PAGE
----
WASHINGTON -- President Bush said yesterday that Vice President Dick Cheney's former company should repay the government if it overcharged for gasoline delivered to Iraq under a controversial prewar contract.
"If there's an overcharge, like we think there is, we expect that money to be repaid," the president told reporters when asked about the controversy over the Halliburton Co. contract.
Pentagon auditors say the company overcharged up to $61 million for delivering gasoline to Iraqi citizens under a no-bid contract to rebuild Iraq's dilapidated oil industry. Halliburton denies overcharging.
Meanwhile, an Army spokesman disclosed that companies from France, Germany, Russia, and Canada won't be eligible to replace Halliburton as the recipient of the oil reconstruction contract. The Army Corps of Engineers is reviewing bids and hopes to decide this month who will get the oil reconstruction deals worth up to $800 million in northern Iraq and $1.2 billion in the south.
The decision means an additional $2 billion in contracts in Iraq, not disclosed before, would be forbidden to countries that opposed the war, along with the $18.6 billion in Iraq work the Bush administration declared off-limits Tuesday.
Democrats have joined the fray, saying Bush is alienating allies and rewarding political supporters. Cheney headed Halliburton from 1995 until he became Bush's running mate in 2000, and other executives from the company gave generously to the Bush campaign.
"George W. Bush is preventing entire nations from bidding on contracts in Iraq so his campaign contributors can continue to overcharge the American taxpayers," Howard Dean said while campaigning for president in Iowa yesterday.
The political impact is still unclear. As long ago as May, about half the respondents in a CBS-New York Times poll said they thought the Bush administration gave contracts to companies because they had close GOP ties.
Pentagon officials say they gave Halliburton the prewar oil contract because it was essential to start rebuilding quickly after the US-led invasion. Halliburton already had the competitively bid contract to provide short-notice logistical help for the Army.
Separately under that contract, Halliburton has been paid about $3 billion for supporting the military with cafeteria, mail delivery, and other services.
The oil contract, which started as a relatively small order for fighting oil well fires, has grown into the largest reconstruction contract in Iraq. Halliburton has gotten more than $2.3 billion so far on that contract -- $989 million from US taxpayers, $1.3 billion from the United Nations' oil-for-food program, and $90 million from seized Iraqi assets.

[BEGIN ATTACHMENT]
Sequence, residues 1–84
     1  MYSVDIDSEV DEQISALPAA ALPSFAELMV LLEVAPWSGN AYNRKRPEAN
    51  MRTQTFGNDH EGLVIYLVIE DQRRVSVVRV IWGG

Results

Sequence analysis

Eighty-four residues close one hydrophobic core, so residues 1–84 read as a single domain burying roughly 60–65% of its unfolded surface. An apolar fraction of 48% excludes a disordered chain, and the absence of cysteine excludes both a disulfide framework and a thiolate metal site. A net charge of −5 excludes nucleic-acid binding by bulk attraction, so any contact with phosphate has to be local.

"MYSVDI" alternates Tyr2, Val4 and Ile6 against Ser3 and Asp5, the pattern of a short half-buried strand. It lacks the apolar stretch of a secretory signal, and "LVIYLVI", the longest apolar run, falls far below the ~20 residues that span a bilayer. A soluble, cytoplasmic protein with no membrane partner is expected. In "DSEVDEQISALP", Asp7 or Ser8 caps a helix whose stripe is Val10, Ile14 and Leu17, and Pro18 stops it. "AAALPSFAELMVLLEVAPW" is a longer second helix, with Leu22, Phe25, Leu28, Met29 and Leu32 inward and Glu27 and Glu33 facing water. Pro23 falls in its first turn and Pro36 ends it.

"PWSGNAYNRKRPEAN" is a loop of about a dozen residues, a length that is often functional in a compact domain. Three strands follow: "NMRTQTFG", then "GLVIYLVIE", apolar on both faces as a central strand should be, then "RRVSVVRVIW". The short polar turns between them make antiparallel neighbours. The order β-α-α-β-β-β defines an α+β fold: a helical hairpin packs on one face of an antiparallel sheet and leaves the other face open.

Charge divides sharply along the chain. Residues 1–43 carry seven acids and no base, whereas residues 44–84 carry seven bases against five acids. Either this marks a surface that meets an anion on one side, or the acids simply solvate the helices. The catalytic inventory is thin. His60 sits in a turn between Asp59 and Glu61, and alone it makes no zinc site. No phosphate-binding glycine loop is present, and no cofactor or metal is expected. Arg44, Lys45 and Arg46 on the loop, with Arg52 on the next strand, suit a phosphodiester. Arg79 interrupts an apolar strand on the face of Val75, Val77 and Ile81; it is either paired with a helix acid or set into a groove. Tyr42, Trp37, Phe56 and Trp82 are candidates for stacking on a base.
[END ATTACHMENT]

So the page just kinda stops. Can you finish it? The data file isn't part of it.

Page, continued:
The largest part of Halliburton's oil reconstruction contract is providing gasoline and other fuel to Iraqis while the country's oil industry is rebuilt. A Pentagon audit found Halliburton was charging $1.09 more per gallon for gasoline it trucked into Iraq from Kuwait than for the same fuel it imported from Turkey.
Pentagon officials said Thursday that Halliburton's Kuwaiti subcontractor apparently charged too much for the gasoline. Halliburton's president, Dave Lesar, said the Kuwaiti firm was the only one that met the contract's requirements. Lesar said Halliburton earned "a few cents on the dollar" for delivering the fuel.
Under the contract, Halliburton gets a guaranteed profit calculated as part of the company's costs. Halliburton is guaranteed a profit equal to at least 2 percent of its costs. Halliburton can earn a profit of up to 7 percent of costs.
If the subcontractor did overcharge by $61 million, Halliburton would be guaranteed $1.2 million in profit from that amount. If Halliburton earned the entire 7 percent, its profit on the overcharge would be about $4.3 million.
Meanwhile yesterday, the White House said former secretary of state James A. Baker III has taken steps to avoid any conflict of interest between his business dealings and his new role as Bush's emissary on Iraq's debt.
Baker is a trouble-shooter and longtime Bush family friend who has extensive business relationships around the world. His Texas law firm, Baker Botts LLP, counts Halliburton as one of its clients and has an office in Saudi Arabia. He also is senior counselor to the Carlyle Group, a global investment company.
Before Baker's appointment as a volunteer, the White House counsel's office conducted a thorough review of his business ties, Scott McClellan, White House spokesman, said.
"He is complying with all applicable ethics laws and rules, including the filing of a financial disclosure form disclosing his assets and incomes and liabilities and outside positions," McClellan said.
With both the Carlyle Group and Baker Botts, Baker has renounced his partnership share of fees in client matters if they might constitute a conflict with his official duties, McClellan said.